Daily Executive Functioning in Adults with Childhood Hemispherectomy
Childhood Hemispherectomy (CHE) has been deemed as a successful treatment option for young children with intractable epilepsy caused by congenital or acquired cortical lesions. Research highlights some expected motor and cognitive impairments, but generally suggests a trend toward functional independence (Moosa, Gupta, et al., 2013). While understanding of the more specific neuropsychological outcome of CHE is essential, there has been a dearth of information regarding the long-term neurocognitive and behavioral sequelae of CHE. The current study examined the impact of CHE on daily executive functioning in 12 adults using the Behavior Rating Inventory of Executive Functioning, Adult Version (BRIEF-A). Participants were required to complete the self-report survey, and to provide a close relative to fill out the informant survey. Contrary to expectations, results suggest that both participants and informants perceived the participant’s behaviors and executive functioning to be largely commensurate to normative data. However, qualitative analyses noted that select participants, especially those with developmental (polymicrogyria) pathology recognized mild to moderate deficits in their functioning. These current findings suggest that there may be additional areas (i.e., etiology, recurrent seizures) to consider in future research. Additionally, this study offers support that those who have undergone CHE may function similar to neurotypicals with respect to daily executive functioning, and that the expected associated cognitive inefficiencies may not be fully reflective of this population.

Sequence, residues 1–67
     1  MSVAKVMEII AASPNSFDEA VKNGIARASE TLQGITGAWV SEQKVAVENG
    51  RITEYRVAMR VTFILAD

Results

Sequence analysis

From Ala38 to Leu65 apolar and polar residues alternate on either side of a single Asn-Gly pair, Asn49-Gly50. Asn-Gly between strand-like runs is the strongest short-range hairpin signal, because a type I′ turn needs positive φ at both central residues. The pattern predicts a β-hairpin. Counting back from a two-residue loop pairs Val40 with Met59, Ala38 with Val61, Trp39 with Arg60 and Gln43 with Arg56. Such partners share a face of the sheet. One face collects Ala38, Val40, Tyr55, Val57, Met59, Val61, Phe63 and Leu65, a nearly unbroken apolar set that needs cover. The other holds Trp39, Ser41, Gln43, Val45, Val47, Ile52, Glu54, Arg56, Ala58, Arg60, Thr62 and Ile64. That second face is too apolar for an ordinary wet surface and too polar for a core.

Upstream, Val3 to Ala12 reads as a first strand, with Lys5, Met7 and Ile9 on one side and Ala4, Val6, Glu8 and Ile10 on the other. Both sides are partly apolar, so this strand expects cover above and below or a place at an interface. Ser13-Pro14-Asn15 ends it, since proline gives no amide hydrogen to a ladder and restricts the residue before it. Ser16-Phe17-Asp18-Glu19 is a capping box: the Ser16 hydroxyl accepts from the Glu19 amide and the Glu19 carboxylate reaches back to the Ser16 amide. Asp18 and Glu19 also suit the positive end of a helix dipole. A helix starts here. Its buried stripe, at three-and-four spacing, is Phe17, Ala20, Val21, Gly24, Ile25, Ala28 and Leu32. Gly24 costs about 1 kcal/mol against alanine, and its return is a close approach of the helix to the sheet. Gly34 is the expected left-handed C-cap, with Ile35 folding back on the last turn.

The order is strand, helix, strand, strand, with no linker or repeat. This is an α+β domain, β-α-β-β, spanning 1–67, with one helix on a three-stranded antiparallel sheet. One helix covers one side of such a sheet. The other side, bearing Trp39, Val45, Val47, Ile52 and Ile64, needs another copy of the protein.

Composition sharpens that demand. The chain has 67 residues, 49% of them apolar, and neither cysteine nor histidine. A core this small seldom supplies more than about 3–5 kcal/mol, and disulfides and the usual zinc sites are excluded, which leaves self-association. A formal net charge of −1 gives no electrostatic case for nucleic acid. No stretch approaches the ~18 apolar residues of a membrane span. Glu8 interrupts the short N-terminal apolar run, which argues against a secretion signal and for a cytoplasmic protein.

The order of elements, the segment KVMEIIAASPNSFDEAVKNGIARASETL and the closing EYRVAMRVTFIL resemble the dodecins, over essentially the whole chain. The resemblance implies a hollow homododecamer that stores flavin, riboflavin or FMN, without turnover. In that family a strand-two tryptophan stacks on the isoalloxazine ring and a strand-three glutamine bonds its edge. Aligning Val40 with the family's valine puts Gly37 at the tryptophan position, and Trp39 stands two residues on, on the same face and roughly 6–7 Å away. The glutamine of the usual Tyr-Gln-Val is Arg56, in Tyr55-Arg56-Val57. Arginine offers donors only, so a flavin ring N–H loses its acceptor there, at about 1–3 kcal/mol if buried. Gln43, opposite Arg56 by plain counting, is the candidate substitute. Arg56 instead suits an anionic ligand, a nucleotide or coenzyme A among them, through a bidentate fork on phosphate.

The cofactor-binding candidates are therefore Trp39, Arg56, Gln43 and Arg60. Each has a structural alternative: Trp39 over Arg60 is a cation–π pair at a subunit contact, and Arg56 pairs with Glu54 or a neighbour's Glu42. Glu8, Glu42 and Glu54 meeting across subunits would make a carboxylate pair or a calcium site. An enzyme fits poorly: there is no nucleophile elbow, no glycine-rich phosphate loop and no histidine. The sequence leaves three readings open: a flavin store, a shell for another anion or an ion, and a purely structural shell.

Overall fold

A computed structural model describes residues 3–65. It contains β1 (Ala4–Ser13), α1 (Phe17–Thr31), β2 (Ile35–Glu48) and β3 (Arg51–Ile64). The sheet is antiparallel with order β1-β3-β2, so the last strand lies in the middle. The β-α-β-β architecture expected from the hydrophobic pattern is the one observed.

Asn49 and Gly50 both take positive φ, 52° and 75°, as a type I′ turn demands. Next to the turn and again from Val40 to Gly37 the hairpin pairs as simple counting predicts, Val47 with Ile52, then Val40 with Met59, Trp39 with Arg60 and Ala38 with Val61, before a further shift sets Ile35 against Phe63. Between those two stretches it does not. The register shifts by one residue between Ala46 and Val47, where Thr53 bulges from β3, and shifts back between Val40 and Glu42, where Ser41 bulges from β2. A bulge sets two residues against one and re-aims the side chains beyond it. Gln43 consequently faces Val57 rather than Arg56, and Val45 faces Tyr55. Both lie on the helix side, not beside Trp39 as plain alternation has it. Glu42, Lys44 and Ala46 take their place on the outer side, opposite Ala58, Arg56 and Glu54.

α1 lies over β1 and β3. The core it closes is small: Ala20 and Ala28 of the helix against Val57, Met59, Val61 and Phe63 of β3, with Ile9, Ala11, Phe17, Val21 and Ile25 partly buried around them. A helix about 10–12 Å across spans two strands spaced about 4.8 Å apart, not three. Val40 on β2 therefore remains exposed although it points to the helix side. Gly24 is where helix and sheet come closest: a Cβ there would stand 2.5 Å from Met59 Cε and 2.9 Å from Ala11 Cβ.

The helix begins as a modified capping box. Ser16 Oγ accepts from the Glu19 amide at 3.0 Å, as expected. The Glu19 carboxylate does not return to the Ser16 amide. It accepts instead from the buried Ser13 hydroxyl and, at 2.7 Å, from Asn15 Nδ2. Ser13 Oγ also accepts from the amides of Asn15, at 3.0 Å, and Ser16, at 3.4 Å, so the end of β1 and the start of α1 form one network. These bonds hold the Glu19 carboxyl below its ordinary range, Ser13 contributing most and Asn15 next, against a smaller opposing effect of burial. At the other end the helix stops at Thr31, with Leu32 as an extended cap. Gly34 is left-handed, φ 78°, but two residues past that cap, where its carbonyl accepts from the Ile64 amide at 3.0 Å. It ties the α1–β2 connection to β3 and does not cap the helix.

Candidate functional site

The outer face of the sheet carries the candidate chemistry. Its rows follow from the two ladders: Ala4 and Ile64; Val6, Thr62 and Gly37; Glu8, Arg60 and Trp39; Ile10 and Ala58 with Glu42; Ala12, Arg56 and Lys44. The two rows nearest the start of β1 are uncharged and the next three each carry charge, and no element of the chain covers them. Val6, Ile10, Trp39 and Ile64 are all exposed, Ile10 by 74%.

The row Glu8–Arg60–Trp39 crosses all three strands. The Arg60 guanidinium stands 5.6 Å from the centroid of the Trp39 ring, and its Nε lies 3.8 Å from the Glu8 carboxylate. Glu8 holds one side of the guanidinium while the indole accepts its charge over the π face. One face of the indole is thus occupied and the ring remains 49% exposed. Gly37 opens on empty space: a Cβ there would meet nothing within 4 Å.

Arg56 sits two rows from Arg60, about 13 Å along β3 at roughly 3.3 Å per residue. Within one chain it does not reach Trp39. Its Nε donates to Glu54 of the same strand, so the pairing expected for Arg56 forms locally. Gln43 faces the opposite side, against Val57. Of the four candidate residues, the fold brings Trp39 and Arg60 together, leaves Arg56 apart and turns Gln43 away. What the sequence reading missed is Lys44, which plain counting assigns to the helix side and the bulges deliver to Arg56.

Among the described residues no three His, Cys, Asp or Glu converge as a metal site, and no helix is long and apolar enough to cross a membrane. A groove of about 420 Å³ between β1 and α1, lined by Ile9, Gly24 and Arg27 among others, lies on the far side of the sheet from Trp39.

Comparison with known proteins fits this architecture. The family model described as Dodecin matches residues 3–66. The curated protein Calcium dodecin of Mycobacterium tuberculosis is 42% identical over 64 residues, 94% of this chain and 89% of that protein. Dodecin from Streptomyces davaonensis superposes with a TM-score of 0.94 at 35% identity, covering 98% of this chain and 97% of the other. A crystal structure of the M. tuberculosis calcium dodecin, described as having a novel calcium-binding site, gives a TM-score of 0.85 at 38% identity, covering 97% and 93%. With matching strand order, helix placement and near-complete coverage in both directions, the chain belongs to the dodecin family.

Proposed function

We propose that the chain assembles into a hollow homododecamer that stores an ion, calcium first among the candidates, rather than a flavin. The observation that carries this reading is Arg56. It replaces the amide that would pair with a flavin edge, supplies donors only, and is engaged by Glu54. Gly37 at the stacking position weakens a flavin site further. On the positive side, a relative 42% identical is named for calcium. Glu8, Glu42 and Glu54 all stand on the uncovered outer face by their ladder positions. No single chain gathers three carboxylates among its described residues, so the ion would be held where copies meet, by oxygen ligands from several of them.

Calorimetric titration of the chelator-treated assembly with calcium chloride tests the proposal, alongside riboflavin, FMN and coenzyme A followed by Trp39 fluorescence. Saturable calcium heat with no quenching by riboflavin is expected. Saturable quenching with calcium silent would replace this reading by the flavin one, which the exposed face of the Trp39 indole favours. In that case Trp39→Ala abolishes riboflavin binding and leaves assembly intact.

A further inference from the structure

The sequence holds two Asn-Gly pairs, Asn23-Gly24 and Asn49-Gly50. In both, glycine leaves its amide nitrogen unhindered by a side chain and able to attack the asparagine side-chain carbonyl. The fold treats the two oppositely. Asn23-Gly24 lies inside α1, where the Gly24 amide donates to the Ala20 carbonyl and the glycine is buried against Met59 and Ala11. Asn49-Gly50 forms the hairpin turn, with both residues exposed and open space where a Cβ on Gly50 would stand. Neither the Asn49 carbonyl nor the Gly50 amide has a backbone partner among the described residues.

Doctor of Philosophy in Clinical Psychology (PhD)
Brown, Warren S.
Hemispherectomy, Executive function, Long-term outcomes of CHE, Executive functions (Neuropsychology), Brain surgery